Conan O'Brien apparently couldn't resist making a pedophile priest joke on his TBS program on Wednesday, after Pope Francis took two school boys on a ride around St. Peter's Square during his weekly audience: "The Pope let two 11-year-old boys ride in the Popemobile with him...Afterwards, the Vatican told the Pope, that's not the kind of publicity we're looking for today. What the hell is that all about? Kids, get in – come on!" [MP3 audio available here; video below]
The Catholic League's Bill Donohue (Media Research Center president Brent Bozell serves on the organization's board of advisors) took the comedian to task for his "below the belt" jab at the pontiff:
On April 14, Conan O'Brien made fun of Pope Francis. On April 15, he made fun of Jesus. We said nothing about these two jokes because they were not insulting, and we are not in the business of criticizing comedians when they take light-hearted jabs at our religion. But last night was different.
In his April 16 monologue, Conan said the following: "The pope let two 11-year-old boys ride in the popemobile with him. Afterwards the Vatican told the pope 'that's not the kind of publicity we're looking for.'"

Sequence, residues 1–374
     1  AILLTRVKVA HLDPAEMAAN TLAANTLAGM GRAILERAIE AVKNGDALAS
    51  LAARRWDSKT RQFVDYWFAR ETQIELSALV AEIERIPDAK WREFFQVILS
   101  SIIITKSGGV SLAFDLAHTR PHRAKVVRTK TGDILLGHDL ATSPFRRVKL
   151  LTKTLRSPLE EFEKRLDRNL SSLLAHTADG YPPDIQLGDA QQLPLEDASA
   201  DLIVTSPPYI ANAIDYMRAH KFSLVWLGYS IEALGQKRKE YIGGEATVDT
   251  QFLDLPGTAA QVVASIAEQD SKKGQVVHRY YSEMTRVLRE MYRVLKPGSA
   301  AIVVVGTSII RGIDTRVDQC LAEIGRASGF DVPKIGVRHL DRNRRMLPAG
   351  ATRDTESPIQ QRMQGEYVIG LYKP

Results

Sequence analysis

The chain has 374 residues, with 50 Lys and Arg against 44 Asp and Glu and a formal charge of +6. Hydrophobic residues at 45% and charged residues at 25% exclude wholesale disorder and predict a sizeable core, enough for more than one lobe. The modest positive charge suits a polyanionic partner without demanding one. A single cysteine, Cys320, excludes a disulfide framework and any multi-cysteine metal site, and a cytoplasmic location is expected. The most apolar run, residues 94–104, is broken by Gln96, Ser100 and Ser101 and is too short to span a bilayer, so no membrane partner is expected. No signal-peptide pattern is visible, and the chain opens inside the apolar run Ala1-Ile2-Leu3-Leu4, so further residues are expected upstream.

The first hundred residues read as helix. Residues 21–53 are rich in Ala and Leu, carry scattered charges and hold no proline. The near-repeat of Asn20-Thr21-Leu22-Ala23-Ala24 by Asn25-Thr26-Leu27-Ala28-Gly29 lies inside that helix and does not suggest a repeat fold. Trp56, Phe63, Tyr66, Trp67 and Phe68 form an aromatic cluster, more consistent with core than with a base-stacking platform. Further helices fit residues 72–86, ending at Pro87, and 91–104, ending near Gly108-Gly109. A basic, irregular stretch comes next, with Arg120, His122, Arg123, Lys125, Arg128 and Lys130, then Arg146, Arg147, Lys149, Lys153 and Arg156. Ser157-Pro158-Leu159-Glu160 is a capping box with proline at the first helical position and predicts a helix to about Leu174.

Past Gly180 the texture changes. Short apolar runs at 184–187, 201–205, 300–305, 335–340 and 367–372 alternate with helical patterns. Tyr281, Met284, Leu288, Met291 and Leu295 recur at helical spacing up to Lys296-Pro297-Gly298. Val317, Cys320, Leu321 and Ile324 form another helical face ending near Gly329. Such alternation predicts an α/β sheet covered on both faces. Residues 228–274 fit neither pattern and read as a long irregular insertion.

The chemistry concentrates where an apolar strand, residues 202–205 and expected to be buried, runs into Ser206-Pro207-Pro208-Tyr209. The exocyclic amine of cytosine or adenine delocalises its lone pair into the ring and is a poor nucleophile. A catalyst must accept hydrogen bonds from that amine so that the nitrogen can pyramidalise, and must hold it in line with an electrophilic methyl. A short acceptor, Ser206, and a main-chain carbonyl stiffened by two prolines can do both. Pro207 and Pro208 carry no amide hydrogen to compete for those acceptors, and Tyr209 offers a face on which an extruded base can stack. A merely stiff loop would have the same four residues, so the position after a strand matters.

By perpetuating the stereotype that priests are child molesters, Conan O'Brien discredits himself and foments hatred of priests. We make critical distinctions at the Catholic League between disagreement and derision, and we expect no less from late-night talk-show hosts and their writers.
In the past, O'Brien has turned to vile left-wing HBO host Bill Maher to throw insults at Catholics. Just over a year earlier, during a February 12, 2013 segment on Conan, Maher reacted to Pope Benedict XVI's resignation announcement by noting that "we found out earlier this year or last year in the primaries when the Republicans made contraception an issue that 98 percent of Catholics use birth control." He then snarked, "Apparently, the only ones who don't are the priests. Oh, they would if altar boys could get pregnant."
Back in 2008, the atheist "comedian" slammed Catholics' belief in the Eucharist on O'Brien's former NBC program by claiming that they have to be "schizophrenic" to go about the lives as usual six days out of the week, and then go to Mass on Sunday and believe that they're drinking "the blood of a 2,000-year-old space god."